In a surprising turnaround, new legislation that would significantly up the federal government’s involvement in protecting student-data privacy was introduced in the U.S. House today with support from educator groups.
But the “Student Digital Privacy and Parental Rights Act of 2015,” pulled just over a month ago following sharp criticism over vendor-friendly loopholes, has so far received a lukewarm reaction from the ed-tech industry.
The bill would prohibit ed-tech companies from selling student information and targeting students with advertisements. Vendors would be required to meet a host of new requirements on everything from data security to data retention to breach notification, as well as to be more transparent about their privacy policies, the nature of the information they collect from students, and with whom they share that information. The Federal Trade Commission would be given enforcement authority over the industry.
During a call with reporters Wednesday, the bill’s sponsors, Rep. Luke Messer, R-Ind., and Jared Polis, D-Colo., said their aim was to address four broad goals: better protecting student privacy, empowering parents, encouraging innovative uses of technology in the classroom, and ensuring strong accountability in the ed-tech industry.
“Students and parents have the right to expect that the millions of data points collected on them every day remain private and aren’t sold to companies that monetize the information or to bad actors that [might] use the information in harmful ways,” Polis said.
The full text of the bill is embedded below.
A host of educator groups have already endorsed the bill. Among the signatories to a letter of support released by the congressmen’s offices:
- AASA, the School Superintendents Association
- International Society for Technology in Education
- National Association of Elementary School Principals
- National Association of Secondary School Principals
- National Education Association
- National PTA
- State Educational Technology Directors Association
“We appreciate the opportunities that you have provided us for input on this legislation and believe that the final bill strikes a good balance between protecting student privacy and promoting personalized learning informed by data and powered by educational technology,” the letter reads.
Education groups and privacy advocates had expressed concern about an earlier draft of the bill that was set for introduction last month.
“I think this is really a good day,” said James Steyer, the CEO of Common Sense Media, a San Francisco-based nonprofit that played an instrumental role in changing the bill to close perceived loopholes, expand the scope of student information that is covered, and add new security and transparency obligations for vendors.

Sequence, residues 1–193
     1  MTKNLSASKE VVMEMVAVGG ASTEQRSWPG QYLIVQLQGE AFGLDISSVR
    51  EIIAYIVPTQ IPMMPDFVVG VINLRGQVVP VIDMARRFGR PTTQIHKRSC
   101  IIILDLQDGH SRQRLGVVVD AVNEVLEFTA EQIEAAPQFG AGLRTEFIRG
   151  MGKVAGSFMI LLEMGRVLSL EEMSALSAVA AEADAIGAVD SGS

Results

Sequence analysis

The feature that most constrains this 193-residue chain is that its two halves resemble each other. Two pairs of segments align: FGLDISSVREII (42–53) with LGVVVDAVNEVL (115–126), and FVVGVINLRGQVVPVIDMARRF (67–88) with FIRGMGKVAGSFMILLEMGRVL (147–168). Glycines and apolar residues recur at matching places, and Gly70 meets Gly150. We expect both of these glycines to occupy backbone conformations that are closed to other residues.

“We look forward to helping them enact this meaningful legislation,” said Steyer, who took part in the conference call with Reps. Messer and Polis.
One potential hurdle could be the ed-tech industry; no broad industry-related groups were among the initial list of endorsers for the bill.
The Software and Information Industry Association, a Washington-based trade group, expressed concern that if enacted, the bill, which would not supersede state laws, would create significant burdens for educational technology companies.
“Congress must avoid unnecessarily adding to the patchwork of state laws and federal regulations that already govern schools and services providers,” the SIIA said in a statement. “Doing so could limit student access to advanced learning technologies that are essential to modern education.”
And the Future of Privacy Forum, a Washington think tank that has, along with the SIIA, developed a voluntary industry pledge signed by more than 130 companies, also issued a tepid reaction.
“We hope the next steps in the legislative process will include options for parents to expressly approve educational uses of data they may want, such as for tutoring and enrichment programs, as well as other technical tweaks needed to match vendor obligations with school requirements,” wrote Jules Polonetsky, the group’s director, in an email.
Polonetsky described his group’s support for the bill as “mixed,” writing that “it meaningfully advances protections for student data.”
Computing giant Microsoft, meanwhile, applauded the bill, saying that it will help build public trust that vendors are adequately protecting and appropriately using student information.
Reps. Polis and Messer acknowledged “differences of opinion” in the sector, but told reporters they hoped to see more industry support soon.
“Responsible ed-tech providers realize that strong privacy protections are in the long-term interests of the industry,” Polis said.
This post has been updated with reaction from Microsoft and further reaction from the Future of Privacy Forum.
A version of this news article first appeared in the Digital Education blog.